Rump Steak with Charred Broccolini - Monjay Mezza

Rump Steak with Charred Broccolini


Not much needs to be done to enjoy our products, Break open a packet of your favourite crackers or cut a carrot into batons and dip away. Or simply arrange our delicious finger foods on a platter and watch them crowd around. But the potential of our range is so much more, and we want to prove it. So we've created our very own recipe page to show you the versatility of our products. Dips to marinate or bake with, finger food transformed into main meals - the limit is your imagination.

Mastering a tender and flavourful steak is the Holy Grail for many cooks. Like the Holy Grail, it most likely will remain forever out of reach. The problem is that tender cuts are tender because they don’t contain the sinew and marbling that lends flavour, and flavourful cuts are full of sinew and marbling that require a little more jaw work. But that doesn’t mean you have to settle for something that chews like the sole of a shoe if you want something tasty.

Unlike vaunted cuts like rib eye, the rump steak is a quiet achiever within the world of beef. Found at the rear end of the cow, it’s a muscle that does a lot of work, which means it contains lovely sinewy bits that deliver a big hit of flavour. While it isn’t as melt-in-the-mouth tender as a cut of eye fillet, rump steak is still toothsome and not at all tough – when treated right.

A word on seasoning. Salt brings out the flavour of the meat, but the steak must be seasoned at the appropriate time. Too soon before it’s cooked, and the salt draws out moisture which acts as a barrier between the steak and the hot pan or grill, reducing the temperature and, therefore, the sear. Sprinkle some salt on your cut (of meat) about forty five minutes before you cook it so the moisture that’s drawn out has time to be reabsorbed, seasoning the meat through.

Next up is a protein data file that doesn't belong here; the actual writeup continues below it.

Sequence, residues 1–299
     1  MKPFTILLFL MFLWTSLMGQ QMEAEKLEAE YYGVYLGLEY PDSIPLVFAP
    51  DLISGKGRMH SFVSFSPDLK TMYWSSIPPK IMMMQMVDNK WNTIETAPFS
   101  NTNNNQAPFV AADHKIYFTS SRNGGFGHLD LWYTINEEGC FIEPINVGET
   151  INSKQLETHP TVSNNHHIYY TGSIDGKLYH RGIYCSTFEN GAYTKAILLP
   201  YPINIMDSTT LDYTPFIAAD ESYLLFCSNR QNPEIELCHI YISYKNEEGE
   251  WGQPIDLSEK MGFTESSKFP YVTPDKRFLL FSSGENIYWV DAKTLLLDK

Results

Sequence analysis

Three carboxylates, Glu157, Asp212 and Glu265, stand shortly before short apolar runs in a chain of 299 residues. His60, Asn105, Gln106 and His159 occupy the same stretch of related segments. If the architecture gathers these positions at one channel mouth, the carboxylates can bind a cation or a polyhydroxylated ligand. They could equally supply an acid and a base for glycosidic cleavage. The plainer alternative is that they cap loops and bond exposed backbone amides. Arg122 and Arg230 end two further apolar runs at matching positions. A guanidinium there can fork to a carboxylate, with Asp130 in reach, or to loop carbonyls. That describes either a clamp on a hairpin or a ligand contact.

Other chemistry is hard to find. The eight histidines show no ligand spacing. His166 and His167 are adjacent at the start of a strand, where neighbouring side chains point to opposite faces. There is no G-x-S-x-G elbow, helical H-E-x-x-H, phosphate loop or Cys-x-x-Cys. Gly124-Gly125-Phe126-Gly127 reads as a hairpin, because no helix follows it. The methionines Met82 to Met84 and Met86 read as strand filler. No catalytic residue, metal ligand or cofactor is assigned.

• 2 x 250 gram rump steaks
  • A bunch of broccolini
  • Monjay Mezza’s Labneh
  • 3 tablespoons olive oil
  • 50 grams of butter
  • A few sprigs of thyme
  • Two cloves of garlic, bruised with the heel of your palm



Season the steaks with a few generous pinches of salt, then put to one side for around forty five minutes to come to room temperature.

Set the oven to 200 degrees Celsius.

Trim the ends of the brocollini.

Put a heavy-based frying pan over a high heat. Cast iron is the go-to in this scenario. When it starts to smoke a little, pour in two tablespoons of the olive oil. Lay the steaks in the frying pan carefully then move them around a little to catch all the oil. Press them into the pan with your fingers, then let them cook for two minutes before turning them over.

Cook for another minute, then throw in the thyme, butter and garlic. After another minute, turn the heat off and angle the pan so the butter pools at one end. Spoon it over the steaks a few times then tip everything on to a plate. Set aside. We’ve given times here for a medium rare steak, so adjust accordingly if you prefer it differently.

Put the pan back on the heat without wiping it out and throw in the broccolini with the final tablespoon of oil. Coat them in whatever juices remain and spread them out as much as possible. After a minute or two, place the pan in the oven and roast for around ten minutes, or until cooked and charred but still crunchy.

Slice the steaks into centimetre-thick strips. Dollop labneh over the broccolini. Serve.

We reckon you’ll find this a melt in your mouth rump steak that easily holds its own against more expensive cuts.

Monjay Mezza is the home of traditional Middle Eastern Dips, Finger Food and Desserts.

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Our deliciously creamy Middle Eastern cheese is the perfect canvas for all your creative toppings.

Learn more about our Labneh View our full Cheese range